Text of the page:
“The Iron Giant: Signature Edition” – Polished Classic

Written by Jesse Gelinas October 07, 2015

Hogarth with hie Iron Giant

In today’s film industry with rapidly advancing CGI technology and computer-animated cartoons, the art of hand-drawn animation, sadly, seems to be on its last legs. Luckily for us, one of the great modern classics was recently back in theaters for a one-off screening. Brad Bird’s atomic-age, sci-fi film “The Iron Giant” has been remastered and re-released.Touting a couple brief new scenes, and enhanced visuals, not to mention a hell of a nostalgia kick for me generation, this cartoon definitely deserved its one last blast on the big screen.

*SPOILERS below*

For the uninitiated, “The Iron Giant” centers on young Hogarth Hughes (Eli Marienthal). He’s a smart, if lonely young lad living with his mother (Jennifer Aniston) in 1950s Maine. While the threat of Russian war hangs overhead, an alien object comes crashing to Earth just outside Hogarth’s town of Rockwell. Hogarth soon discovers the object to be a 50-foot tall metal eating robot (Vin Diesel). With a bump on its head, it can’t remember where it’s from, but Hogarth befriends the Giant and with the help of local beatnik, Dean (Harry Connick Jr) manages to keep him fed and hidden from the panicky public. Their efforts are complicated by the arrival of an overzealous G-man (Christopher McDonald) who is terrified the Giant is the harbinger of a massive invasion.

“You are who you choose to be.”

The film itself has always been just a delight. A large portion of its charm is thanks to the unique Cold War setting. The atmosphere of fear and paranoia is quite uncommon in a kids’ film, but it works tremendously. The panic over Russian satellites, the unstoppable G-man from Washington, right down to the hilarious “duck and cover” video shown in Hogarth’s class. It’s a perfect setting for a sci-fi story, and lends itself well to Bird’s themes of tolerance, disarmament, and (one has to imagine) a passionate anti-gun message. Of course the audience still gets an exciting War of the Worlds style action dose when the Iron Giant goes into defense mode, setting off an epic rampage.

The Iron Giant plays Superman

The Giant himself is a wonderful character, and will eventually go down as an all-time classic. He’s a fresh faced outsider, seeing the world for the first time, just trying to find his place in it. The scared townsfolk would call him a monster, when all he wants to do is prove he can be a hero (Superman to be precise). It’s a common and done-to-death trope, but it’s done well. The loving friendship that emerges between the Iron Giant and Hogarth is genuine and engaging, and is the heart of the film.

“Welcome to downtown Coolsville. Population: us.”

“The Iron Giant” is backed with an all-star cast to top it off. Jennifer Aniston at the height of her Rachel phase is pleasant and believable as Hogarth’s overworked mother, Annie. Harry Connick Jr is a perfect artsy beatnik. Vin Diesel (before Fast & Furious fame hit) is the titular Iron Giant, and adds a nice layer of vulnerability and soul to the machine’s voice. The standout though has to be Chrsitopher McDonald’s government spook, Kent Mansley. He gets basically all the best lines, his delivery is unmatched, and he’s a terrific personification of the of the era.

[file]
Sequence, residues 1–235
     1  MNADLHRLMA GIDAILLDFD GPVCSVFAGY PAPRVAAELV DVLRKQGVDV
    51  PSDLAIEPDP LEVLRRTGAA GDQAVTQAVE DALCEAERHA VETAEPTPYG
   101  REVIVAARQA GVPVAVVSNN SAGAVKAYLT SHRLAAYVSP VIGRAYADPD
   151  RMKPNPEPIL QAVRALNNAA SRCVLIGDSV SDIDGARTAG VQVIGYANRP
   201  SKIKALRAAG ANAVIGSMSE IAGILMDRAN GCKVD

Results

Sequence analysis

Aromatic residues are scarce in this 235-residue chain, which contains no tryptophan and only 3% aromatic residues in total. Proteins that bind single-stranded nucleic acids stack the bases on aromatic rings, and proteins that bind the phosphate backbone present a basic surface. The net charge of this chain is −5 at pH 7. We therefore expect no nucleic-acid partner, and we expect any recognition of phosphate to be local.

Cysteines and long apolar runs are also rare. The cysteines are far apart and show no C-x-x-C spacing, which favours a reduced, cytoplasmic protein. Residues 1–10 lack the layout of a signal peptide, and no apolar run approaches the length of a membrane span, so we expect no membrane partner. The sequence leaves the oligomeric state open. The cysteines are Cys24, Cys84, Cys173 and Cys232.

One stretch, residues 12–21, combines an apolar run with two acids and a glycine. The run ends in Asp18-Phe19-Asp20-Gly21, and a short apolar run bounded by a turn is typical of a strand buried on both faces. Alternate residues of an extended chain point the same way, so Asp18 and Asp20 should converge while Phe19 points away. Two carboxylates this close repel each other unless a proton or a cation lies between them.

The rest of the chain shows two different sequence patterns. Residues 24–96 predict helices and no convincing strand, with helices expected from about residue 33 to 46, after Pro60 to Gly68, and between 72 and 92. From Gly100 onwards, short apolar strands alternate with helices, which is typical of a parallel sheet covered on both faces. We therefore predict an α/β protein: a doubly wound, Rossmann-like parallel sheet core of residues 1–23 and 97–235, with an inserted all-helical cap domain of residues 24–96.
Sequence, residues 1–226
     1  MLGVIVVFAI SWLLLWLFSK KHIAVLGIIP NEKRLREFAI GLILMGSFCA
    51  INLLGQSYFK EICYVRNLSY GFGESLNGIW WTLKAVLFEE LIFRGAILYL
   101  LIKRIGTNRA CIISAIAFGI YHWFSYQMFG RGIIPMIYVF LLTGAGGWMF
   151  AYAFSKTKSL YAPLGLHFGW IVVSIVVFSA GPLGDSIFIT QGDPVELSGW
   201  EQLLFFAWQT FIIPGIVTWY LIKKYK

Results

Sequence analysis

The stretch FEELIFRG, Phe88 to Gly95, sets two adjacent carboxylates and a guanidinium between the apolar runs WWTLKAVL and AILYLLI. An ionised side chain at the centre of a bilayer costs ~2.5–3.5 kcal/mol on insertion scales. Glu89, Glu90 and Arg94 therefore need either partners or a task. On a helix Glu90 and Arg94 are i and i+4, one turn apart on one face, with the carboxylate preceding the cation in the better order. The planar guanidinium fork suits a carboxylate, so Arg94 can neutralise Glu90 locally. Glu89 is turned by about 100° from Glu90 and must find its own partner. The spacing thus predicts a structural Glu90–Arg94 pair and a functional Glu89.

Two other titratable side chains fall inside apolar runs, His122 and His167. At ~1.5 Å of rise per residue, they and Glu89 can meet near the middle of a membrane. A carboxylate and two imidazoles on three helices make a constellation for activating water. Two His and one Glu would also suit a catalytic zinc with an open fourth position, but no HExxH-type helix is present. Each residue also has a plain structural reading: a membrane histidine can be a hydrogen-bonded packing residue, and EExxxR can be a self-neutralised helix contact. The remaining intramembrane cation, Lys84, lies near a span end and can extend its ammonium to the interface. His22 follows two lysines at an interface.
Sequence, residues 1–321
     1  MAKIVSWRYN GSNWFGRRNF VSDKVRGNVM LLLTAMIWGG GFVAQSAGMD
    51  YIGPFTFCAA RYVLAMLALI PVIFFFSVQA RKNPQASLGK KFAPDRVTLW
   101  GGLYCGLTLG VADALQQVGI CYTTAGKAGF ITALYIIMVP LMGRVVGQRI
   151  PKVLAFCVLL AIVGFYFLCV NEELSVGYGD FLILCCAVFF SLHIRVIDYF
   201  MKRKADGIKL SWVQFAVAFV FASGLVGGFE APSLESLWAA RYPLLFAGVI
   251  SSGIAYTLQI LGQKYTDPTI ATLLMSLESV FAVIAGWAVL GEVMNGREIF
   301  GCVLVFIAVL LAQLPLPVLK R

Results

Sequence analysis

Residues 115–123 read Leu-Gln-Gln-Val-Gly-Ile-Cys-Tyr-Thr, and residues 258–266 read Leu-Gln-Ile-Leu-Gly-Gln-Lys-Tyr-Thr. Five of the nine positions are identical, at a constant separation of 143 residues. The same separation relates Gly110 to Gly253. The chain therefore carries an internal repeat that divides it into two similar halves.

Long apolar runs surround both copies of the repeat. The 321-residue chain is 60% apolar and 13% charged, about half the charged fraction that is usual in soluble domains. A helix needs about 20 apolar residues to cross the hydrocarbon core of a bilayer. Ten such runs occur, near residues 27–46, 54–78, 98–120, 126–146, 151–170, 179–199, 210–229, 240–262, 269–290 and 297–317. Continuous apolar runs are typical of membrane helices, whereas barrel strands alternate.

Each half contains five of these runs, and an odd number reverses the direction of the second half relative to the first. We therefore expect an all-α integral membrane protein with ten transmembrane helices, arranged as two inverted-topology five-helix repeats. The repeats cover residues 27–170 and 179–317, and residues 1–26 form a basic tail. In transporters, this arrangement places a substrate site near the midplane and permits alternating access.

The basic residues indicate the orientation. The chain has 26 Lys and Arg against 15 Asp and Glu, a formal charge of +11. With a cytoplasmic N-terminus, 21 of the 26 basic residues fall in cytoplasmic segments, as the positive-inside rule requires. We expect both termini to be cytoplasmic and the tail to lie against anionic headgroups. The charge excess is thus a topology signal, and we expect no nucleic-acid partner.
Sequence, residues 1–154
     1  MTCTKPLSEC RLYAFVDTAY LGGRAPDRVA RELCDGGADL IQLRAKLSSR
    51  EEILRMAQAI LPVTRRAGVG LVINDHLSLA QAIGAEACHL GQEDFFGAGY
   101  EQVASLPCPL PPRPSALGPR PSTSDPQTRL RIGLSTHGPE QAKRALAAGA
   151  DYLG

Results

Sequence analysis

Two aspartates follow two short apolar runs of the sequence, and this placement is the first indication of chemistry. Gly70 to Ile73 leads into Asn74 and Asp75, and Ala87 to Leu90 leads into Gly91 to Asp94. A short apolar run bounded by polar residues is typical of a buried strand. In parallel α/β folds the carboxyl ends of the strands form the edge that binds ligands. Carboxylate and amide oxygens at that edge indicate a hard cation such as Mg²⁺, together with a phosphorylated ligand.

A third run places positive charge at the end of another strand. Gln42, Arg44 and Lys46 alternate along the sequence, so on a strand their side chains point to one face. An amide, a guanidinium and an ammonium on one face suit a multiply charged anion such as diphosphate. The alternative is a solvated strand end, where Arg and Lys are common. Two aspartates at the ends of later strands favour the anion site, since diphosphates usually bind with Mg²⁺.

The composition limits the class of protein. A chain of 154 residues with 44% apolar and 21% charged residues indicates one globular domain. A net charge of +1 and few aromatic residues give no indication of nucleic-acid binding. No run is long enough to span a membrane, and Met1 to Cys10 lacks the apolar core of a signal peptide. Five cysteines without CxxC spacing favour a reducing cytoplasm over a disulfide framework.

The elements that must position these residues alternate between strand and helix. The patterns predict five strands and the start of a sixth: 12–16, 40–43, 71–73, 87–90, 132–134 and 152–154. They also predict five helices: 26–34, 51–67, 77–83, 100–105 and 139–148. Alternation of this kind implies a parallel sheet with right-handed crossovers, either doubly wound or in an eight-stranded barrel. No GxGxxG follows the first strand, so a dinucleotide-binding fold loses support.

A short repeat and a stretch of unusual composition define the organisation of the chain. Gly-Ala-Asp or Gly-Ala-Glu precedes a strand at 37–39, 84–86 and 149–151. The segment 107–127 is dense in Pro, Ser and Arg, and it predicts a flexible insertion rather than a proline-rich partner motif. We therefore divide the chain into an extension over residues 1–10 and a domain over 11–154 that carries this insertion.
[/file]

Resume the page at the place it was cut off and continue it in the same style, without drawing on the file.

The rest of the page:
Iron Giant gun

The Signature Edition as it’s now called, is fully remastered, enhancing the already beautiful original hand-drawn visuals. “The Iron Giant” was always a pretty film to look at, but now it’s optimized and well worth an HD home release (already announced). This new edition also carries two new scenes absent from the original version. The first is a brief encounter between Dean and Annie. The second, more significant scene is a dream the Iron Giant has while sleeping in Dean’s scrapyard. The sequence shows an army of identical robots waging war on a distant planet shortly before it explodes. The animation of the dream scene is particularly impressive, and adds a nice menacing tone that wasn’t there before.

“You put a line around a character, but the line is alive.” – Brad Bird

“The Iron Giant: Signature Edition” adds little to the original, but what is added enhances. The film is beloved now for its visuals and setting, but was surprisingly unpopular in its own time. I won’t use the phrase “under-appreciated gem” because I’m not a massive tool, but it certainly did not find its audience in theaters the first time (barely making back half its budget). It won’t break any records on the few screens that screened it last week, but I encourage people of all ages to consider giving “The Iron Giant” another go. The Signature Edition will be getting a proper blu-ray release soon enough.  Nostalgic adults will still love it. Kids will fall in love with it, and everyone can enjoy the timeless tale of a young boy, and his gigantic robot.

My Rating: 9.5/10

The Iron Giant Signature Edition

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About Jesse Gelinas

After years attempting to escape the Matrix, Jesse has accepted his fate as a writer and Senior Editor. Now that's he finished with his film degree, it gives him something to do while waiting for the machines to get careless.

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